In addition to this, all of the steroidal hormones of the body are synthesized from cholesterol. This includes cortisol and corticosteroids, DHEA, the estrogens, testosterone, progesterone, aldosterone, and the master steroidal hormone, pregnenolone. Cholesterol is the precursor to all of these hormones. It is no surprise that some of the many symptoms associated with taking cholesterol-lowering medications are: fatigue, muscle wasting, loss of sex drive and adrenal fatigue.
In addition to this, it is the circulating LDL particles (the so called “bad” cholesterol) that are what deliver cholesterol to the hormone receptor sites of cells.
Cholesterol & Digestion
Cholesterol is the raw material for bile. Bile is an essential water-based substance made by the liver that is necessary for the digestion of fats, fat-soluble vitamins such as A, D, E, K and carotenoids. In addition to this, bile contains conjugated toxins such as the environmental chemicals and toxic metals such as mercury and lead that have been filtered by the liver. Bile is produced as the end result of phase 1 and 2 liver detoxification. Inadequate cholesterol production by the liver and inadequate bile production is indicative of a toxic, over-burdened liver, and an over-all high toxic body burden.
A deficiency in bile will necessarily result in poor assimilation of fat and fat soluble vitamins. In addition to this, bile salts have the responsibility of alkalizing the hydrochloric acid and bolus (partially digested and acidified food) that enters into the duodenum from the stomach. In many instances, a bile insufficiency can produce many symptoms associated with acid reflux, GERD and acid indigestion.
Inadequate levels of bile can damage the normal digestive functions of the body and can prevent the body from detoxifying the thousands of environmental toxins that are often found in high amounts in the average person’s body.
Cholesterol & Immune Function
Among its many primary roles in the body, cholesterol in the tissues is a powerful anabolic lipid, effectively preventing the formation of harmful and destructive free radicals generated when certain immune cell-produced conjugated fatty acids (such as leukotriene) are produced through catalytic mechanisms.
Leukotrienes are among the most virulent and pathological fatty acids that are generated by immune cells. They are produced via the 5-LOX (lipoxygenase) pathway, via arachadonic acid. It is critical to point out that leukotrienes are a primary factor in creating inflammatory processes. Adequate levels of cholesterol is a powerful anti-inflammatory, effectively neutralizing the catalytic conversions of arachadonic acid before the formation of pro-inflammatory lipids such as leukotrienes and certain prostaglandins.
Cholesterol’s powerful anti-inflammatory capabilities is the strongest evidence to demonstrate cholesterol’s vital role in regulating inflammatory diseases such as cardiovascular disease, asthma, autoimmune diseases, and many others. Cholesterol puts out the fires of inflammation. Cholesterol is NOT the cause of inflammation, it is the response TO inflammation!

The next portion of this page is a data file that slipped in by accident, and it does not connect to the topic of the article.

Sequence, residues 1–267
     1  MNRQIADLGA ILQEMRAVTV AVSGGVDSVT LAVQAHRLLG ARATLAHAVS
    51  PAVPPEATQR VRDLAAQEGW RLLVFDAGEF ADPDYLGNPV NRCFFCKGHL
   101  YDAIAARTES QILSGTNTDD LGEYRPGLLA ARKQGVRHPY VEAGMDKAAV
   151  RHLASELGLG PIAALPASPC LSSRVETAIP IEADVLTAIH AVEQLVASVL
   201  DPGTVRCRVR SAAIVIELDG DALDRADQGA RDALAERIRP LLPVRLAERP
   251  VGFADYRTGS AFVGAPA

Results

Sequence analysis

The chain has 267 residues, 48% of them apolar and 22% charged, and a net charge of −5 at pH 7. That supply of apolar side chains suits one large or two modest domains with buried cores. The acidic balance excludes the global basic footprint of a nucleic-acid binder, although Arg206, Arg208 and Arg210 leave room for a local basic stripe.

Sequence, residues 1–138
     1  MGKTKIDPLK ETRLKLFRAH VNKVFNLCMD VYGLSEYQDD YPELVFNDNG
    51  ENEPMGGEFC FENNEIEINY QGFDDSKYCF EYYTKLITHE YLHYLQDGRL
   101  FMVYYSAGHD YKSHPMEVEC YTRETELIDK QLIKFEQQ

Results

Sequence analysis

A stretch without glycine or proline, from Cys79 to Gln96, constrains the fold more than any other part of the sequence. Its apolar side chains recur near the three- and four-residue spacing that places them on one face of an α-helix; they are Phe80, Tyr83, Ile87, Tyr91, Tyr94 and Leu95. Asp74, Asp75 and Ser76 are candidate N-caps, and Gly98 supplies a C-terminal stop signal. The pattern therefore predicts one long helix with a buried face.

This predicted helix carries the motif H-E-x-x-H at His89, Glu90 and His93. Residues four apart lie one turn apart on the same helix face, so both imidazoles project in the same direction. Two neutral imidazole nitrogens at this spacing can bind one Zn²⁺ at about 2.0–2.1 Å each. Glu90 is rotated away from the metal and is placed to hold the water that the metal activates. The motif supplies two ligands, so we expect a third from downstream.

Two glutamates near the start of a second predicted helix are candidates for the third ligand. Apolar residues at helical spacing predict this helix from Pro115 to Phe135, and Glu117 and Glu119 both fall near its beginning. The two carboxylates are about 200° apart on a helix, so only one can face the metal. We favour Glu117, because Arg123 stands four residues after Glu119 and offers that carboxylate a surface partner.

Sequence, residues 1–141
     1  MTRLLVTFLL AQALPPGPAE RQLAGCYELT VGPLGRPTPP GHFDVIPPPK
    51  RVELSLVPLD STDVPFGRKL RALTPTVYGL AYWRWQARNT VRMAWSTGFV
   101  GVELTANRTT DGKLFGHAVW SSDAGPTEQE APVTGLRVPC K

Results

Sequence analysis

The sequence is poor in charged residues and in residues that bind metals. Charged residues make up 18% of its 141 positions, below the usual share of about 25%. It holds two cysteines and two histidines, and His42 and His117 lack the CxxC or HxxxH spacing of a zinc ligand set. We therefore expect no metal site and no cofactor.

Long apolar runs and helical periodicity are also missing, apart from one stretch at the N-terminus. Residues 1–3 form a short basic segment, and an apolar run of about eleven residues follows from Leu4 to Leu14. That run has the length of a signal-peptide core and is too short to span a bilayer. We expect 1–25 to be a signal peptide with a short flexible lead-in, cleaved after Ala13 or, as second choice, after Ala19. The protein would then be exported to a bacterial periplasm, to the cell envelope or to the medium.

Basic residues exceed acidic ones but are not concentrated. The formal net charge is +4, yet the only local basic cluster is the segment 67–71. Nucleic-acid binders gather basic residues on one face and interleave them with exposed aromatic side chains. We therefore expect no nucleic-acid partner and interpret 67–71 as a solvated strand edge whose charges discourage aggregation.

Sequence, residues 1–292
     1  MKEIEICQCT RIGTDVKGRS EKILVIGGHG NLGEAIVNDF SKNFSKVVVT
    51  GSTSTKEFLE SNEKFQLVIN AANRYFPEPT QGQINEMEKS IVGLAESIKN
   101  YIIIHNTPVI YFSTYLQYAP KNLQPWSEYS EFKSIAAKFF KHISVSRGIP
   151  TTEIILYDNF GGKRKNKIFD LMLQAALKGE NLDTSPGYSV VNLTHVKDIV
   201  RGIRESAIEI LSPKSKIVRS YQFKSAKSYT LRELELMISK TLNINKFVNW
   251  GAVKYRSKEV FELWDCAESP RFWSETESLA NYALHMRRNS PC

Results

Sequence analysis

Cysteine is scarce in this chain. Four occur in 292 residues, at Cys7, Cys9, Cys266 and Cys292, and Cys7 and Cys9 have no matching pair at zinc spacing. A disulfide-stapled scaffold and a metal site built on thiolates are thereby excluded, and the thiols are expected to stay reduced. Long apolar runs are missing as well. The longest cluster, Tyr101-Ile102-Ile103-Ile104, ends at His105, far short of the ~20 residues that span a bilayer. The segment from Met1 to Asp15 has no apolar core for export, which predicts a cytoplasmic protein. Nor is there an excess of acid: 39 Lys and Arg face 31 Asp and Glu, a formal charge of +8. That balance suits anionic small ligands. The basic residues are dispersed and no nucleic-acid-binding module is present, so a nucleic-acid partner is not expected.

Cholesterol, Lipo-proteins & Blood Tests
Cholesterol is not actually measured on a blood test. Only the lipo-proteins are measured, and the sum of which is called “total cholesterol”. Even if cholesterol was measured on a blood test, its clinical value comes into question, at least when looking at the actual results at face value. A very important factor is that cholesterol is only active and usable when it is free and unbound. Since the cholesterol in the blood is mostly lipo-protein-bound, it isn’t free to be used, and therefore is not reflective of what the cells are actually using.
In many ways this is the value of the LDL/HDL ratio, to calculate what amount of lipo-proteins are going out to the cells and tissues, versus what is returning from the cells and tissues.
The Conventional View Of Cholesterol Is In Error
Heart disease is found among people with high, low, and normal total serum cholesterol! Elevations in LDL and total cholesterol values are very often indicative of the body’s need for more of it in cells and tissues. Remember that it is LDL that sends cholesterol out to the various locations in the body so that cholesterol can perform its many critical functions. Rather than attempting to lower or inhibit cholesterol values, investigating why cholesterol is elevated is of greater importance. Because it is this investigation that leads to deeper inquiries into the body’s functionality, such as:
- Digestion & bile synthesis
- Immune regulation
- Inflammation, free radicals and oxidative stress
- Hormone synthesis
- Cell membrane formation & integrity
Conventional medicine and conventional nutrition is by nature allopathic, only addressing the level of the symptom, and failing to address causation or the many potential layers of dysfunction, which when investigated can reveal the breakdown of normal physiological homeostasis.
If you have any questions or concerns, please feel free to contact me via the contact page on the website for more information regarding cholesterol and implications on health.
Tegan, Nutrition Nourishment
Smith, LL, 1991: http://www.ncbi.nlm.nih.gov/pubmed/1937129
‘Research In Physiopathology As Basis Of Guided Chemotherapy’, Revici, MD
‘Cholesterol, Friend Or Foe?’, Natasha Campbell McBride, MD
‘The Cholesterol Myths’, Uffe Ravnskov, MD, PhD